Support Ken

Click here to support Ken Steinhoff through your Amazon purchases.

Purchases made at Amazon.com from that link put 6% of the total transaction price in Dad's pocket at no additional cost to you. You're going to shop online anyway, right? Do it through Amazon.com to support this web site.

Or, if you'd rather just send him a random amount of money, you can do that too...







Cape Central High Photos

Ken Steinhoff, Cape Girardeau Central High School Class of 1965, was a photographer for The Tiger and The Girardot, and was on the staff of The Capaha Arrow and The Sagamore at Southeast Missouri State University. He worked as a photographer / reporter (among other things) at The Jackson Pioneer and The Southeast Missourian.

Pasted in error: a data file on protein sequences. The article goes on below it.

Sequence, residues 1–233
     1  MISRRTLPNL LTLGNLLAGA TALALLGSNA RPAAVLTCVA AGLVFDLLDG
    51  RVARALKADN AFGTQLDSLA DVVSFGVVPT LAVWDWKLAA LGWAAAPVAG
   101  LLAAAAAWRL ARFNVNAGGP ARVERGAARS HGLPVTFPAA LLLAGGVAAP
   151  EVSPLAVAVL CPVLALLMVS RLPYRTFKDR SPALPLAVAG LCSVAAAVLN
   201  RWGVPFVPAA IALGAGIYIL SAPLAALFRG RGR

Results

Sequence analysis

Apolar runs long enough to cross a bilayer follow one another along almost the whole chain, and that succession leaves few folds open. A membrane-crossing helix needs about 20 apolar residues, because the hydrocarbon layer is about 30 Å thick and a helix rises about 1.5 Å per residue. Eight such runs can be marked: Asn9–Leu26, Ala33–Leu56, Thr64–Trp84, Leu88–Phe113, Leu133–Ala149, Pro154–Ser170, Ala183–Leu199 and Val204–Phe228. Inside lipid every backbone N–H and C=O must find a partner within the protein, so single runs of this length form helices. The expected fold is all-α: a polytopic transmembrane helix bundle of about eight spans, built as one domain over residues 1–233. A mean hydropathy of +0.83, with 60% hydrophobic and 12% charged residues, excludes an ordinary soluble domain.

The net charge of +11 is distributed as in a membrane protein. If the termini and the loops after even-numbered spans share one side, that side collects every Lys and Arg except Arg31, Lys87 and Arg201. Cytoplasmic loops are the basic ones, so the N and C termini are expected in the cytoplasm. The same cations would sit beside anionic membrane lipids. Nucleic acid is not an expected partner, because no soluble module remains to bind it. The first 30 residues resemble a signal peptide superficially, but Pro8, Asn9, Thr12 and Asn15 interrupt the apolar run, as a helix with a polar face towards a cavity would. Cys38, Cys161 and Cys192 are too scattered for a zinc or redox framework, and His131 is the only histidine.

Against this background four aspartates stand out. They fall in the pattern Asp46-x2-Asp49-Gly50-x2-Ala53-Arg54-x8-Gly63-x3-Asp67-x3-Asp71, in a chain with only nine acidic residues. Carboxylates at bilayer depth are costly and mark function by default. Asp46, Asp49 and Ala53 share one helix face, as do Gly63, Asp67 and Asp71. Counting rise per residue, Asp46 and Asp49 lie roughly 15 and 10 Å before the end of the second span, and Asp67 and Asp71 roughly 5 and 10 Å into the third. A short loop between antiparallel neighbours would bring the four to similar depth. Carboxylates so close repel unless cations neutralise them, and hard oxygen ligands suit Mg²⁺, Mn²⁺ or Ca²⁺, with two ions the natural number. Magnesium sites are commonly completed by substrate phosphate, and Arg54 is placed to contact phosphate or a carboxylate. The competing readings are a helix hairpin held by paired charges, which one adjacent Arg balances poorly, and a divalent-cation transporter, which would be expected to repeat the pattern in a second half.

Come here to see photos and read stories (mostly true) about coming of age in Southeast Missouri in the 1960s.

Please comment on the articles when you see I have left out a bit of history, forgotten a name or when your memory of a circumstance conflicts with mine. (My mother says her stories have improved now that more and more of the folks who could contradict her have died off.) Your information helps to make this a wonderful archive and may end up in book form.


Wrapping Up 2012

Stenciled Happy New Year sign in Steinhoff front windowI ran this photo back in May with some basketball tournament photos, so I hope that either everybody is so hung over they won’t bother to read the page on New Year’s Day or that they have gotten to the age where their short-term memory has gone blank.The Happy New Year sign was on our living room window.

I never was fond on New Year’s Eve